The put/call ratio (p/c ratio) is probably one of the most recognizable option statistics. But how well is it understood?
The put/call ratio (p/c ratio) is probably one of the most recognizable option statistics among traders and investors, even by those who don’t regularly trade options. Yet, what this number is often thought to represent may not be accurate, and there’s some potentially insightful data that it misses altogether.
If you’re not familiar with this market data mainstay, the p/c ratio takes the total volume of put options and divides it by the total volume of call options traded in the same period, thus generating a ratio. It’s intended to provide a gauge of investor sentiment by measuring the volume of put options, which are considered to be bearish, versus the volume of bullish call options.
For instance, if option trading volume is equally split between puts and calls, the ratio would be 1.0. If put volume is twice that of call volume, then the ratio goes to 2.0. As the ratio moves higher, it reflects the very real fact that more put options are trading compared to call options. And that’s said to be a bearish indicator. But is it really?
One thing the p/c ratio can’t see is who is doing the buying and the selling of options, and why. Yes, if someone buys a put option, that’s typically considered to be a bearish bet, but it’s not always. The buyer might only want the options as a hedge on a stock investment. And remember, there are always two parties in every transaction: a buyer and a seller. Sometimes heavy put volume is the result of institutional traders selling put options. Not only does this happen when big traders think put options have become too pricey, but public companies have also been known to short put options in large numbers on their own stock.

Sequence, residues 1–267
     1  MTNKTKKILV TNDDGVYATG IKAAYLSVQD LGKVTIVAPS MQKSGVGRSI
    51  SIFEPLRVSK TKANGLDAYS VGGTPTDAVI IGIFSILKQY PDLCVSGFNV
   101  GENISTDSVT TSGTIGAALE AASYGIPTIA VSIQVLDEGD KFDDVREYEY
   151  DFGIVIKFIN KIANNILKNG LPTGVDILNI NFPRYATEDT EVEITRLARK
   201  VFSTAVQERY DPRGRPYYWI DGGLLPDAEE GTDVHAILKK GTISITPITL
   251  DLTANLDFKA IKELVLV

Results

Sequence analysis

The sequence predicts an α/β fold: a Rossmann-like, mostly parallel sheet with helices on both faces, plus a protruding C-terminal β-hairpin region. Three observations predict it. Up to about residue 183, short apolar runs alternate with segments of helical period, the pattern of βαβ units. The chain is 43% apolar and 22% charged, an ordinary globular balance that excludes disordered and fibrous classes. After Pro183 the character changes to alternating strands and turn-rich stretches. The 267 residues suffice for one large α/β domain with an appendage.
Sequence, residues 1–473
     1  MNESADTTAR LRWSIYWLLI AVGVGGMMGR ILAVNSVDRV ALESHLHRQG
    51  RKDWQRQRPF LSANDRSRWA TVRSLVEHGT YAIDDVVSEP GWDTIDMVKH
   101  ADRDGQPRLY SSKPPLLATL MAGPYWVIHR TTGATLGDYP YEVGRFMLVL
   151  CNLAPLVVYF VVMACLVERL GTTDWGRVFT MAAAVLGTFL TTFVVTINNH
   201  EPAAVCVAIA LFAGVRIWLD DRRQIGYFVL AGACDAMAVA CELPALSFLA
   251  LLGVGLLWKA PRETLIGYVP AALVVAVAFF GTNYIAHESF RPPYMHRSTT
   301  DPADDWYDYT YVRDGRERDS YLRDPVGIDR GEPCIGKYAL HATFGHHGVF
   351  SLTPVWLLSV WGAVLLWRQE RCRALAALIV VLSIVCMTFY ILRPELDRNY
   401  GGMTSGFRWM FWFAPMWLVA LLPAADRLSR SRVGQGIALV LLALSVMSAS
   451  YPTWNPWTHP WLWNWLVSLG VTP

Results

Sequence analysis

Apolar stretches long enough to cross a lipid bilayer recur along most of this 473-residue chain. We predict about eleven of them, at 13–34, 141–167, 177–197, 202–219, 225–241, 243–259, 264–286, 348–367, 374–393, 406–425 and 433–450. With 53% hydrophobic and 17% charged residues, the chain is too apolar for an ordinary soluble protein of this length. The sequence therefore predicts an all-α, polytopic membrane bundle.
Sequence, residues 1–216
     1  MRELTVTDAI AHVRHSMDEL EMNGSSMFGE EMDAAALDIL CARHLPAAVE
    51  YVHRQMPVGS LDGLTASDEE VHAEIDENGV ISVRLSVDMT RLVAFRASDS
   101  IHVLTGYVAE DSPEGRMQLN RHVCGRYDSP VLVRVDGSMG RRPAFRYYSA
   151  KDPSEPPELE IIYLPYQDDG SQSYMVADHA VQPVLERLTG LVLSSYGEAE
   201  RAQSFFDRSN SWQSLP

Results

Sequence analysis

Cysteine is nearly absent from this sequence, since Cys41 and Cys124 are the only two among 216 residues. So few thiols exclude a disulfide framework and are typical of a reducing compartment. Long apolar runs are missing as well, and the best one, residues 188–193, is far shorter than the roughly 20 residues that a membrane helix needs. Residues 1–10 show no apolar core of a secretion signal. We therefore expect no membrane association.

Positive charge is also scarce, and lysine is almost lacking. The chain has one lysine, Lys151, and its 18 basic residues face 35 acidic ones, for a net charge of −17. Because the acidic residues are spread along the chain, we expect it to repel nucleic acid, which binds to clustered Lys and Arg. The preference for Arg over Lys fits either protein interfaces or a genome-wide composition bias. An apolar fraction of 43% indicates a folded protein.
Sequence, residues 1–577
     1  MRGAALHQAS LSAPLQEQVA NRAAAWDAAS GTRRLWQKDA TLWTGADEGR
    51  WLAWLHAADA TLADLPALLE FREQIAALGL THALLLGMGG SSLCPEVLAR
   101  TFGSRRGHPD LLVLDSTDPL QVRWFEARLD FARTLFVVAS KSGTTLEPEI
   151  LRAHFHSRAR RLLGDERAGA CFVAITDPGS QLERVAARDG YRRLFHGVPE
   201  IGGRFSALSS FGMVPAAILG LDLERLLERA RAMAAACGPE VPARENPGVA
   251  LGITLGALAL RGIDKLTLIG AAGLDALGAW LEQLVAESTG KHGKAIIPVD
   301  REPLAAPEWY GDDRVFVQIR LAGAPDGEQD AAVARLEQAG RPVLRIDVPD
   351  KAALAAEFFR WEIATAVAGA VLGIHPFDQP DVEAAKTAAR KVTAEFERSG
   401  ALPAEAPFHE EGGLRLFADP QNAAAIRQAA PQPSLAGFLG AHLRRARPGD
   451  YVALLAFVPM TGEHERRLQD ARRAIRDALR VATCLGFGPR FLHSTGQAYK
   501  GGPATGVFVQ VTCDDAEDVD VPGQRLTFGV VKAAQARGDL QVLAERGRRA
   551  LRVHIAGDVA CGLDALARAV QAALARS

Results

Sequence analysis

Here’s an example: suppose shares of XYZ, Inc., are trading at $50. The board of directors has just approved a share buy-back program. With 30 days left until the XYZ 40 puts expire, the company sells 20,000 of them for $0.25. If the puts expire worthless, the company could add $500,000 to the bottom line. But what if the puts happen to be in the money come expiration? No big deal. XYZ buys the shares at $40 per the stock buy-back plan.
Of course, the p/c ratio goes ballistic when this trade, or any similar trade, is made, but it completely misses out on the who and why. We can’t just assume that every time a put option trades, it means that investor bearishness is rising.
On the other hand, sometimes puts are bought in large numbers precisely because investor bearishness is on the rise. And sometimes the p/c ratio completely misses it. Here’s how.
Suppose a manager of an equity fund turns bearish, but the fund doesn’t necessarily start selling its portfolio of stocks. Rather, the fund might buy out-of-the-money puts for protection, and it might also sell out-of-the-money calls to help pay for the protective puts.
The fund ends up with long stock, long puts, and short calls. Sound familiar? It’s a collar. When the long puts and short calls are traded in equal numbers, the p/c ratio completely misses it. However, there is one way to gauge how bearish this long put/short call trade becomes: watch the skew between the options. Although out-of-the-money (OTM) puts are normally more expensive than OTM calls, this difference gets bigger as put-buying increases.
This certainly doesn’t mean you want to completely throw out the p/c ratio. Just take it for what it’s worth, and consider using it in combination with other market indicators.
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